Stan Wawrinka Hangs Tough to Win U.S. Open on 9/11 Anniversary

NEW YORK, NY - SEPTEMBER 11: Stan Wawrinka of Switzerland celebrates with the trophy after winning 6-7, 6-4, 7-5, 6-3 against Novak Djokovic of Serbia during their Men's Singles Final Match on Day Fourteen of the 2016 US Open at the USTA Billie Jean King National Tennis Center on September …

NEW YORK CITY — Stan Wawrinka got his gorgeous backhand going early in the second set of the men’s final at the U.S. Open Sunday night. It would be an exaggeration to say it was all smooth sailing from there, but it was the key to victory over the top seeded Novak Djokovic, world number one and defending champ at Flushing Meadows.

When Djokovic took the first-set tiebreak with ease, it seemed not unreasonable to think the Swiss world number three was going to fall short in his bid for a first U.S. Open trophy. Wawrinka was hitting far too many errors.

Wawrinka continued to pile up errors throughout the match – but he began hoarding winners too, with astonishing shots that nicked the sidelines and baselines and left the nimble Djokovic, probably the only man on the tour who can play with the relentless athleticism of France’s Gael Monfils, shaking his head in frustration.

Djokovic beat the French star in the semis the same night Wawrinka wore down Kei Nishikori in a dress rehearsal for Sunday night. In both matches he dropped the first set, only to take the next three with increasingly dominant scores. At 31, Wawrinka may be the toughest, grittiest man on the tour. Roger Federer, absent from this year’s U.S. Open for the first time since 2000 due to knee surgery, dubbed him “Stanimal” years ago, for good reasons, all of which were on display in this final and this tournament.

Wawrinka spent some 18 hours on the courts to get to the final, including a five-setter and three four-setters in a row prior to facing Djokovic in a packed Arthur Ashe Stadium. Djokovic, by contrast, was on the courts only nine hours as his opponents dropped out with injuries. Ironically, Djokovic required two medical time-outs in the fourth set of the final. He stuck it out, visibly limping in the last games. He made no excuses, gave his friend full credit afterwards.

Wawrinka, who stated earlier in the week without a trace of false modesty that he should not be placed at the same level as Djokovic and the others in the “big four” (Roger Federer, Rafa Nadal, and Andy Murray), played his own game, and it worked.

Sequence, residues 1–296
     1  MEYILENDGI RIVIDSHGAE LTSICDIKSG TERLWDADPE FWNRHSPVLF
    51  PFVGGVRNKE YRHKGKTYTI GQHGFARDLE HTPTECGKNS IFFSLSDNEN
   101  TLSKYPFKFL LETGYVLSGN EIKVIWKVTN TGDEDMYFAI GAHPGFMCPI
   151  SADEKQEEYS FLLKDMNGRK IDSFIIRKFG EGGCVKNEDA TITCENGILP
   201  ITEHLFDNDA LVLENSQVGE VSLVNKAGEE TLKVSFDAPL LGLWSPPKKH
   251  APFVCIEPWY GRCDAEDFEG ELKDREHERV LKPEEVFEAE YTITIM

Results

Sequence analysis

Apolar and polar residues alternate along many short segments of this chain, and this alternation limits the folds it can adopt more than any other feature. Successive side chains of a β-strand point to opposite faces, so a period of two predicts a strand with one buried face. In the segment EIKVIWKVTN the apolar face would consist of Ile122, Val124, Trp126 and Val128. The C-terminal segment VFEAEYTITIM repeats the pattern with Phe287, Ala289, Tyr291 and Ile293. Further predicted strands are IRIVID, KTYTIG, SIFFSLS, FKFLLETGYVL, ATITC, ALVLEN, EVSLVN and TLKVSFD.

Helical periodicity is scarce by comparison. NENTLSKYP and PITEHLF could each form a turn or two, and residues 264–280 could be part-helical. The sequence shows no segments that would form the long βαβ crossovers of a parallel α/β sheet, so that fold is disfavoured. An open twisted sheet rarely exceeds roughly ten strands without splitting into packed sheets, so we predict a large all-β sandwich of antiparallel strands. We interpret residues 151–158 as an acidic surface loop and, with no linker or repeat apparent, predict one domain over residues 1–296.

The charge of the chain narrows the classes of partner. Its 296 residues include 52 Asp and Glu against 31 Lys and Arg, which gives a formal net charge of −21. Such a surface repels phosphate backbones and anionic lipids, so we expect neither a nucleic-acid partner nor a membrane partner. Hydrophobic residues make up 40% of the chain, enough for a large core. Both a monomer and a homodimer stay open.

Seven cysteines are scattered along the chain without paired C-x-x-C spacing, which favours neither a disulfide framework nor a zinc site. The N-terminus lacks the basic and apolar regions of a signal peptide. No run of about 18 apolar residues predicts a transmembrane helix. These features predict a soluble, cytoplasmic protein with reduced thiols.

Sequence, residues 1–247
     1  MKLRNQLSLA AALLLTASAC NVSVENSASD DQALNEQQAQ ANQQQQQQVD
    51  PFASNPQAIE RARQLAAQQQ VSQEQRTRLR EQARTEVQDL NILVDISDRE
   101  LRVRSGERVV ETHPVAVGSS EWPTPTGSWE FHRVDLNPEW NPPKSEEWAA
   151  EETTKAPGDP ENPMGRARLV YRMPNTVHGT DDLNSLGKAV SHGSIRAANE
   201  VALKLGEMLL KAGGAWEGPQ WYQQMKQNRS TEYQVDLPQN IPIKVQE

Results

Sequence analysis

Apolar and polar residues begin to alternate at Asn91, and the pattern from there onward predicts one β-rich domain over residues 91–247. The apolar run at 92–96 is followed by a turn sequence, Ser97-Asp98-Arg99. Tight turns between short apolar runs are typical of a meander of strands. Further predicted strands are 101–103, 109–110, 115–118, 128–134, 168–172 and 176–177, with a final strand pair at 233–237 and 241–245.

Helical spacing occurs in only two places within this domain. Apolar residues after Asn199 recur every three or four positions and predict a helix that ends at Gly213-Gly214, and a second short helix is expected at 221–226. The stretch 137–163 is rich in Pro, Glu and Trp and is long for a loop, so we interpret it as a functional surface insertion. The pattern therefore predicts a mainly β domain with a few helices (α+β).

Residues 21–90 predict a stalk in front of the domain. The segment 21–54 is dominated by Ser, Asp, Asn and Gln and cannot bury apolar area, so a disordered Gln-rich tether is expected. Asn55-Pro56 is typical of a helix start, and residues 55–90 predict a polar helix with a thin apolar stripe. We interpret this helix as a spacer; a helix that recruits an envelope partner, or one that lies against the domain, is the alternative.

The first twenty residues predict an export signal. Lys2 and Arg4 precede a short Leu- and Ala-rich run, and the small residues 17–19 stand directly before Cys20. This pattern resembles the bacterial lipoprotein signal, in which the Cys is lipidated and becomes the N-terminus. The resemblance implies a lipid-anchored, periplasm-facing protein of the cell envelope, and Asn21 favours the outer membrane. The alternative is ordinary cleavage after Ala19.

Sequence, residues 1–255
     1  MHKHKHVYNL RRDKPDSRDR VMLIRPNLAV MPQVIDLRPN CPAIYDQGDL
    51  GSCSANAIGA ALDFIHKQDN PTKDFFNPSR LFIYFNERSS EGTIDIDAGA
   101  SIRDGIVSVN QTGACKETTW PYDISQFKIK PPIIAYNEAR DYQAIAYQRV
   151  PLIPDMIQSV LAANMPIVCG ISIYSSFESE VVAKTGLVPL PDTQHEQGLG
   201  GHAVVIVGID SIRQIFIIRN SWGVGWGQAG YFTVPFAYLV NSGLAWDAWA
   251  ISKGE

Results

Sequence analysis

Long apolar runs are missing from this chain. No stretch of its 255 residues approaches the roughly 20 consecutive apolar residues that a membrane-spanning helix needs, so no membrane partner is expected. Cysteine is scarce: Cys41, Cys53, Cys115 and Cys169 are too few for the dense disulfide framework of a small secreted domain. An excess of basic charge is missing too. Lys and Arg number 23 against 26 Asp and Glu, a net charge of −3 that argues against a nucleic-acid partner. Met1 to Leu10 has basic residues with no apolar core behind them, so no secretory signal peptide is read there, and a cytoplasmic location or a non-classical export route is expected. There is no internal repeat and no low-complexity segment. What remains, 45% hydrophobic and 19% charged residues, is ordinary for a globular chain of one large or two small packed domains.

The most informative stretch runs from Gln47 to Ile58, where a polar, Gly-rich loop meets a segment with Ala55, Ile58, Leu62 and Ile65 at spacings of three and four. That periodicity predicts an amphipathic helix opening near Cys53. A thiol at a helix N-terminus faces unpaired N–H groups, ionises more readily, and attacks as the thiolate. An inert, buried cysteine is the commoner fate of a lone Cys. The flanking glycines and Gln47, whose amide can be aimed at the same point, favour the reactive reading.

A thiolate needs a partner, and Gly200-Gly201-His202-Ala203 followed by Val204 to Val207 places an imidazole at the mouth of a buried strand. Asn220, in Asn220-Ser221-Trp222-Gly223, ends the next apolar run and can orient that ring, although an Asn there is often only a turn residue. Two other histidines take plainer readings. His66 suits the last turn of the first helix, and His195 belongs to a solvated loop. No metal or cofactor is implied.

This game, all his rivals have noted, is not confined to the quality Federer suggests with his playful nickname. Wawrinka plays with classically elegant form. He moves with supreme confidence and grace and hits with an accuracy that is breath-taking. Fearless with his deep ground strokes, he has the “soft hands” required of play at the net. Over nearly four hours, he covered more than 14,000 feet, a thousand more than Djokovic. He hit 46 winners to Djokovic’s 30.

Earlier in the day, America’s Bethanie Mattek-Sands won the women’s doubles, teaming with the Czech Republic’s Lucy Safarova, rallying in a thrilling win over the top-seeded French team of Caroline Garcia and Kristina Maldenovic. And young Kayla Day of Santa Barbara won the junior girls’ tournament.

The U.S Open, with its new retractable roof over Ashe and one to follow by 2018 over a rebuilt Louis Armstrong Stadium, had a strong dose of the new this year, with several upsets and a cohort of promising players still in their teens or just out of them. Rafa Nadal was stopped in an epic five-setter by Nicolas Pouille, a nearly unknown 23-year-old Frenchman. Karolina Pliskova beat both Venus and Serena Williams before succumbing in the women’s final to Germany’s Angelique Kerber, who won the Australian Open at the beginning of the year.

But tennis tradition stays strong at Flushing Meadows. The Marine color guard was at its post for the men’s final, splendid as ever on a bitter anniversary. The spectators were asked to commemorate the date with a moment of silence, prior to Norm Lewis’ powerful rendition of the Star Spangled Banner for which, it scarcely needs saying, 25,000 souls stood as one.


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